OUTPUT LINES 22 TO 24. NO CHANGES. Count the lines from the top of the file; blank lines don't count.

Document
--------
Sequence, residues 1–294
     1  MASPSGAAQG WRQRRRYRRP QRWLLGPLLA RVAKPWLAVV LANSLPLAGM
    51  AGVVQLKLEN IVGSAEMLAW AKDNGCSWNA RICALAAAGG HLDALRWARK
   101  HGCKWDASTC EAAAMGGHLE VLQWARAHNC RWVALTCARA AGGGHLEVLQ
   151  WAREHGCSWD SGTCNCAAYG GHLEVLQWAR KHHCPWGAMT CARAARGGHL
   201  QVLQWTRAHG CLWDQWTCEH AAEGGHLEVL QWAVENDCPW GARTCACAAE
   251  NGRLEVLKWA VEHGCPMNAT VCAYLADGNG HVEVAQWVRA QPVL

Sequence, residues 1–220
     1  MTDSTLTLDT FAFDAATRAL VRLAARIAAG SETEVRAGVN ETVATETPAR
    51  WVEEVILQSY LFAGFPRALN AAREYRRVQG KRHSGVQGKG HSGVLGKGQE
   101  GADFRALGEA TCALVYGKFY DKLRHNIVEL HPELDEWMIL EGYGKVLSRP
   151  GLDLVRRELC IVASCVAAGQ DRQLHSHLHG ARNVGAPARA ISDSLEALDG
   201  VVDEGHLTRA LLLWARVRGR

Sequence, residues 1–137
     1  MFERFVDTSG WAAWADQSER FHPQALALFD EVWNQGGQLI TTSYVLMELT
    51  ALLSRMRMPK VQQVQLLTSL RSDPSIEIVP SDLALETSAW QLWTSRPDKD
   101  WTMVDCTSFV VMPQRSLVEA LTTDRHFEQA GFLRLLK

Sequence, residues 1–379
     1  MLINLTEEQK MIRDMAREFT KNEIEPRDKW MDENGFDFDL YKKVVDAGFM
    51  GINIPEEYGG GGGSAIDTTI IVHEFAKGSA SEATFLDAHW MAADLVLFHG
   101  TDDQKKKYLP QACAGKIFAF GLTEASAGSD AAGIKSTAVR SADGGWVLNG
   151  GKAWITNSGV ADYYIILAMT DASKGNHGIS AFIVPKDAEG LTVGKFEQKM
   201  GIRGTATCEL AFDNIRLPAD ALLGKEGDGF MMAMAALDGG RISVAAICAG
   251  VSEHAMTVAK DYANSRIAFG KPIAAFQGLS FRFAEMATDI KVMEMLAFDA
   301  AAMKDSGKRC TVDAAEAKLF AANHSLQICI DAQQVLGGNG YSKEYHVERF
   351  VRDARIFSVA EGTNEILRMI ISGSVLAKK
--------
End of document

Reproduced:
   151  GKAWITNSGV ADYYIILAMT DASKGNHGIS AFIVPKDAEG LTVGKFEQKM
   201  GIRGTATCEL AFDNIRLPAD ALLGKEGDGF MMAMAALDGG RISVAAICAG
   251  VSEHAMTVAK DYANSRIAFG KPIAAFQGLS FRFAEMATDI KVMEMLAFDA